Participant

    Not sure about the objectivity of the study. Campus Housing is not expensive, a price increase would be welcome especially in south campus. Maybe the landlords should focus on improving the housing stock, better code enforcement by the city would be swell. What is to keep these new projects from building below ground parking garages.

    #423785

    Pablo
    Participant

    lazyfish wrote >>
    What is to keep these new projects from building below ground parking garages.

    Cost.

    #423786
    lazyfish
    lazyfish
    Participant

    Pablo wrote >>

    lazyfish wrote >>
    What is to keep these new projects from building below ground parking garages.

    Cost.

    Yeah I get that, but if they want to build higher density housing they should build the supporting infrastructure. Using on street parking increases the free rider issues. Many of these new units have all the modern amenities, don’t you think off street parking makes them more marketable. Most grown-ups are looking for off street parking, why would we assume that college kids would not want it also? plus it is a safety boon, not to have to park and walk home.

    #423787

    Pablo
    Participant

    lazyfish wrote >>

    Pablo wrote >>

    lazyfish wrote >>
    What is to keep these new projects from building below ground parking garages.

    Cost.

    Yeah I get that, but if they want to build higher density housing they should build the supporting infrastructure. Using on street parking increases the free rider issues. Many of these new units have all the modern amenities, don’t you think off street parking makes them more marketable. Most grown-ups are looking for off street parking, why would we assume that college kids would not want it also? plus it is a safety boon, not to have to park and walk home.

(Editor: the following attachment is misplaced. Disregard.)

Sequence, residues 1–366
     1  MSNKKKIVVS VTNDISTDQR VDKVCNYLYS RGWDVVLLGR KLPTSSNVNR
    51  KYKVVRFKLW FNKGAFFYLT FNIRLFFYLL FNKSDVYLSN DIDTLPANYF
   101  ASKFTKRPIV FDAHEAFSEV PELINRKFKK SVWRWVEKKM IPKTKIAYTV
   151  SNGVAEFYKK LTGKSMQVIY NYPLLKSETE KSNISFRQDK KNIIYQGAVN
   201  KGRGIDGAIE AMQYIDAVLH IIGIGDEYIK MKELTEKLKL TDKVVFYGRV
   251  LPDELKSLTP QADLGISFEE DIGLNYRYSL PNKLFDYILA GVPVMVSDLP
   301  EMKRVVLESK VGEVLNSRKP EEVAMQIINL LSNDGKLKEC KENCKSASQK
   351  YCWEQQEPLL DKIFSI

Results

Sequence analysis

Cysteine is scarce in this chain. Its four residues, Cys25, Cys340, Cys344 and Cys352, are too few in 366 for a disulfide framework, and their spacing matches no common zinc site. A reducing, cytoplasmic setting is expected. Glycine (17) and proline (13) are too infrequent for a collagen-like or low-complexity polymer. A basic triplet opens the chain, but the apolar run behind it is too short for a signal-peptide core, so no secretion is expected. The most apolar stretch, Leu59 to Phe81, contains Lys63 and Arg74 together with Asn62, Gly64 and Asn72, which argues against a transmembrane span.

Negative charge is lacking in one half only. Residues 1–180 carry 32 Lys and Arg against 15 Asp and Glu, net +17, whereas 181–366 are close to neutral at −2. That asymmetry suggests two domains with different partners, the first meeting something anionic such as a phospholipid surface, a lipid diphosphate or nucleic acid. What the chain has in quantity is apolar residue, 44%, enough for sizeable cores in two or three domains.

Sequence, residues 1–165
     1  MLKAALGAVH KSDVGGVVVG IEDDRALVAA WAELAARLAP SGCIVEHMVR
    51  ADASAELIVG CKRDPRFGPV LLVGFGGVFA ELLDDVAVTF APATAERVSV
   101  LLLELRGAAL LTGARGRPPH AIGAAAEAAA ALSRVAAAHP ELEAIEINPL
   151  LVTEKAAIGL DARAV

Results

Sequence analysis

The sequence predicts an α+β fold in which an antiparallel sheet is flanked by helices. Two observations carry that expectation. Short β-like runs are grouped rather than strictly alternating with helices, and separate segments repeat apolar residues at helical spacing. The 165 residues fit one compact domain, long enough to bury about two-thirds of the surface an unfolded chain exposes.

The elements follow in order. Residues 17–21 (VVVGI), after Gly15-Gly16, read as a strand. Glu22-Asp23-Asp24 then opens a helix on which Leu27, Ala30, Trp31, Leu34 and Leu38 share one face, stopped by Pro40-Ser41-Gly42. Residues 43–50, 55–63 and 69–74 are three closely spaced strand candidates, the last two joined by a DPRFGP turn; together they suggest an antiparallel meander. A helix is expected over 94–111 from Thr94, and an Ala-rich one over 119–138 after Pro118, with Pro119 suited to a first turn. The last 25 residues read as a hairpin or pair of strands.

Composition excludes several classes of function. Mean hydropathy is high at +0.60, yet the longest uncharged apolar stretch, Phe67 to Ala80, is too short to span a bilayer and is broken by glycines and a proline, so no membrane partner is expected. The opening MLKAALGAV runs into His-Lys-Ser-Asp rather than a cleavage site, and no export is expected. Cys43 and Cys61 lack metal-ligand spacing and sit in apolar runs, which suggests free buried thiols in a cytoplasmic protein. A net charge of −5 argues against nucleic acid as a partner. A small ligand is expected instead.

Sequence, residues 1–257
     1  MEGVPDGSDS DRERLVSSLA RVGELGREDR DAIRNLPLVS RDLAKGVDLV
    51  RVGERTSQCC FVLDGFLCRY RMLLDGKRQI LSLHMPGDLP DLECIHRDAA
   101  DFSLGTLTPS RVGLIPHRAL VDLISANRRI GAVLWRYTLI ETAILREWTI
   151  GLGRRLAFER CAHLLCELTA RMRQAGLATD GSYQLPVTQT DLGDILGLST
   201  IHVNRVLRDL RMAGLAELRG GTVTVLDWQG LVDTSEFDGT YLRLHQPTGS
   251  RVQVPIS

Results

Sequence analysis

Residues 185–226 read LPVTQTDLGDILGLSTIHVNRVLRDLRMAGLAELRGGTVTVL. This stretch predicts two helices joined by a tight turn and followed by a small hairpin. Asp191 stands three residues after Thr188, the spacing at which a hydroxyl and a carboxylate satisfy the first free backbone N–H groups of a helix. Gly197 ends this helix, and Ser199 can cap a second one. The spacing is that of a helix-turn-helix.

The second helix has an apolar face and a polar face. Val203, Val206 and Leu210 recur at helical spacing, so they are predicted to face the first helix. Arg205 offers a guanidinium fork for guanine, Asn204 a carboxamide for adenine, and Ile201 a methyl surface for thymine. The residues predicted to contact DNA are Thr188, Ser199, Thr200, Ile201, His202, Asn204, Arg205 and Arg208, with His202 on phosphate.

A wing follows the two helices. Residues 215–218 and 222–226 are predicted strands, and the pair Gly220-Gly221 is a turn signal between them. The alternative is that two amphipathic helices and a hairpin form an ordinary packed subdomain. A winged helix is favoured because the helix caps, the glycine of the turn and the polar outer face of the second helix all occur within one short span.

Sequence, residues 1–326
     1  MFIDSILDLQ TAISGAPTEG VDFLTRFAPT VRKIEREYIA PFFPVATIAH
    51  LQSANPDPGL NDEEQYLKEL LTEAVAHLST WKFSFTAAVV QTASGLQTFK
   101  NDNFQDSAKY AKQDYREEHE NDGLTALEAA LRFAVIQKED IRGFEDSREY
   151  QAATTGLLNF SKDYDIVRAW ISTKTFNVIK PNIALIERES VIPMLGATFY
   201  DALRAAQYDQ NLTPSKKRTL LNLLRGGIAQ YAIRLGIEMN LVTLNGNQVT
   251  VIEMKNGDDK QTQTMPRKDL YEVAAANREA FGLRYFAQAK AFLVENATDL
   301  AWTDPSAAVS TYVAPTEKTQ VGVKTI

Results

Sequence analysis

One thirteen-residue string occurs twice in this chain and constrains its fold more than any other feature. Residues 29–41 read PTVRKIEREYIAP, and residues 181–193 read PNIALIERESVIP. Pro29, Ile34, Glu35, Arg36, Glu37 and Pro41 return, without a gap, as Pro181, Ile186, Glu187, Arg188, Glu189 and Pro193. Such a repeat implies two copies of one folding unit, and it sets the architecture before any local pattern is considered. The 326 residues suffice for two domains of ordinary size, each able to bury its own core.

Sure, in a perfect world. But cost is the reason Edwards is trying to reduce parking.

    #423788

    johnwirtz
    Participant

    lazyfish wrote >>

    Pablo wrote >>

    lazyfish wrote >>
    What is to keep these new projects from building below ground parking garages.

    Cost.

    Yeah I get that, but if they want to build higher density housing they should build the supporting infrastructure. Using on street parking increases the free rider issues. Many of these new units have all the modern amenities, don’t you think off street parking makes them more marketable. Most grown-ups are looking for off street parking, why would we assume that college kids would not want it also? plus it is a safety boon, not to have to park and walk home.